A couple days ago, I started this series about my Facebook discussion with ‘Jeff’, a Young-Earth Creationist. The Young-Earth vs. Old-Earth dialog in general involves important worldview & spiritual issues, so it can be quite frustrating when the “other guy” doesn’t seem to understand or accede a point or perhaps mischaracterizes your view. Many such exchanges can get rather emotional — heated, even — but this one remained calm & respectful. If I had been forward-thinking and recorded his side of the exchange, you would have seen this on his side, too.
I don’t think either of us thought we would change the other guy’s mind, especially in such a relatively short & limited dialog. But, for my part, at least, I considered it good practice for articulating our respective positions. I hope it benefited others who were “listening in”, too. Also, from his comments I detected some incorrect assumptions about what I believed, so I wanted to take the opportunity to clarify (however briefly) my (and most OECs’) position on a couple things.
He responded to my earlier post and, a couple days later, I responded in kind:
“Regarding Genesis 1:11, it may not be as “clear” as you think, since the Hebrew verb dasha’ (“produce”) has broad meaning. It can be used if plants sprouted up immediately by divine fiat OR if they matured by natural processes OR by some combination of the two. So, in this case, the linguistic clues are insufficient for us to be sure to what extent miracle was involved in early plant life on Earth. I do believe, of course, that God created the initial forms of life de novo.
Just to clarify, I am an Old Earth Creationist of the Day-Age variety (though sympathetic to the Analogical Day approach). As such, I do not believe that a proper reading of the Bible demands either a 24-hour-day interpretation of Creation or a global Flood. I believe (for various reasons) that the “yom” of the Creation Week were long periods of unspecified length — one of the *literal* definitions for the word, btw. Genesis does indeed give an accurate accounting of what God did, and I think Genesis 1 jibes nicely with what scientific discovery has revealed. But, the Bible is not comprehensive on the subject by any means, and we must look to scientists to fill in the rest of the puzzle. Not all scientists are “godless”, of course. Even among those who are, while their interpretations of and conclusions drawn from evidence can be biased by a strong methodological and metaphysical materialism, the raw data is generally still good (assuming accurate measurements, adherence to scientific method, etc.). And, Scripture (e.g., Psalm 19) does seem to indicate that the facts of nature are a reliable source of information.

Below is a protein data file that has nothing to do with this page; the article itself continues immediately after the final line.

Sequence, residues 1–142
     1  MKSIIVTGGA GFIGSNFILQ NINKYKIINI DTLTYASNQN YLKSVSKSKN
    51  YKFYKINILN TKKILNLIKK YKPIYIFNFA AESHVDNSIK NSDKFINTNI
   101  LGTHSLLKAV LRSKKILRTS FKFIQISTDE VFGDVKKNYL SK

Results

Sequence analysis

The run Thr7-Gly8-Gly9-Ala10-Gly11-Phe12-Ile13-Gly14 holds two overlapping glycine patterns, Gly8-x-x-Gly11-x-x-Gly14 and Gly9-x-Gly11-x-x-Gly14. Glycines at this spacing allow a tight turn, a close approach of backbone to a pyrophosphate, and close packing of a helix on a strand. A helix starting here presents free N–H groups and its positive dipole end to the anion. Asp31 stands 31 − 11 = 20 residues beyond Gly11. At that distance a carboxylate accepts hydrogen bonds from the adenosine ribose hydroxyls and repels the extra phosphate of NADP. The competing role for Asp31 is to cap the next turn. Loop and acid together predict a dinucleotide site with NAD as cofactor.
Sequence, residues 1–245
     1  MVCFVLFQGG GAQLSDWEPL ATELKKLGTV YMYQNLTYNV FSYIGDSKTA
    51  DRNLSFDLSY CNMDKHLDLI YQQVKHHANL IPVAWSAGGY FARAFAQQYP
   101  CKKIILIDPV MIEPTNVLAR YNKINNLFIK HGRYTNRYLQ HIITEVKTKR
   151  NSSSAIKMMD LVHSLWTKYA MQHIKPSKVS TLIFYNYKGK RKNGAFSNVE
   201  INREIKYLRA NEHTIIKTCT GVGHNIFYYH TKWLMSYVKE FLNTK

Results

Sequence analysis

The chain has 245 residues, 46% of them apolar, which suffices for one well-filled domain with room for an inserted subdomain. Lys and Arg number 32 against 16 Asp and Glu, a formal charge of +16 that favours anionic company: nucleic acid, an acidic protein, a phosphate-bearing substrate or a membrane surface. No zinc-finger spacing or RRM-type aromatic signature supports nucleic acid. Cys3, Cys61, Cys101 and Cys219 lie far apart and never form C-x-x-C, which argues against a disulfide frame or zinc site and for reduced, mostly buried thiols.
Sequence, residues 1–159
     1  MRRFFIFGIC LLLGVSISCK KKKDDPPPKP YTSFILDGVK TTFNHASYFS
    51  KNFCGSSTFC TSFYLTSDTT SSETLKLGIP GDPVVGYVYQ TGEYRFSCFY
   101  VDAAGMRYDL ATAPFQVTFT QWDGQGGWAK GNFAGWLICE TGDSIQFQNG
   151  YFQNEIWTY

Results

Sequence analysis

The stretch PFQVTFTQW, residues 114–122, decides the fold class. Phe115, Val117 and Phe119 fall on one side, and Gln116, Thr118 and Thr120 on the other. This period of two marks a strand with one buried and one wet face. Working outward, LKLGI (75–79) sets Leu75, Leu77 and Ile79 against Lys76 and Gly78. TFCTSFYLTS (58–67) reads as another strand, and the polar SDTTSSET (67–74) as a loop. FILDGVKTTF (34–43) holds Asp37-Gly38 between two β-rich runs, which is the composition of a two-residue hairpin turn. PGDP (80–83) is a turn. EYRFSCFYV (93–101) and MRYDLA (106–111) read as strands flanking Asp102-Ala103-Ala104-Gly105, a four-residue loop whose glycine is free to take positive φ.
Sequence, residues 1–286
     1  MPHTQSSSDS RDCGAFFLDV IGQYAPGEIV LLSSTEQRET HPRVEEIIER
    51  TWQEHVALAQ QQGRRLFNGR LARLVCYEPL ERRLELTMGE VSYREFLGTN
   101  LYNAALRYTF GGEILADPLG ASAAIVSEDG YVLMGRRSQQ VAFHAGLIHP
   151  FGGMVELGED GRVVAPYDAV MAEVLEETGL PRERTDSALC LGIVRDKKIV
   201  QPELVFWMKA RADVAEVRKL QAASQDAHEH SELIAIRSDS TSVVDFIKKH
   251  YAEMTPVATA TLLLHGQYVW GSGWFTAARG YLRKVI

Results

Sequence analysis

Incidentally, I am glad you indicated that we need to look “throughout the Bible”, not just Genesis, for information about God’s creative work. Passages in places like Job and the Psalms have some great info. However, I think that YECs sometimes make unnecessary assumptions and place unnecessary restrictions on what is allowable. For example, the language is sometimes more broadly defined (as with dasha’ and yom) and sometimes more specific (e.g., the types of animals mentioned in Gen. 1 & 6-9) than YECs might assume or prefer. Of course, I am convinced that a consistent reading of Scripture — theologically conservative and faithful to both genre and language — (as well as of nature) actually favors an OEC position.
I do NOT believe — as you seem to assume I do — in macroevolutionary development of either plants or animals. I am *not* a theistic evolutionist (or “evolutionary creationist”, as some prefer to be called), because I find both the scientific and Biblical/theological support sorely lacking. (In fact, the science points to Intelligent Design by Someone who sounds a LOT like the God of the Bible.) I do *not* believe that evidence of billions of years demands an acceptance of evolutionary theory, either gradualistic neo-Darwinism or some variation. Indeed, even *if* such was naturalistically possible (i.e., via “nature” selecting survivors based on random selection, genetic drift, lateral gene transfer, etc.), the math/statistics indicate it would take many orders of magnitude more billions (trillions?) of years just to produce any “advanced” lifeforms (after God presumably kickstarted it all). Yet, science shows us that *as soon* as the Late Heavy Bombardment ended, the first traces of life suddenly appeared on Earth roughly 3.8-3.9 Gya. Darwinists/materialists have no credible explanation for this (and many other things, as you know).
To be continued…”
As you can see, I was able to better explain (though still not comprehensively) certain points of an OEC model and let ‘Jeff’ know where I was coming from on the subject. In particular, I was able to disabuse him of the notion (common among YECs) that, since I believe the Earth and universe are billions of years old, I must also give credence to some sort of large-scale, Darwinian evolution to explain nature’s diversity. I felt it was important to clarify this point, in order to draw us & our positions closer together, so to speak.
Part 3 will follow this weekend….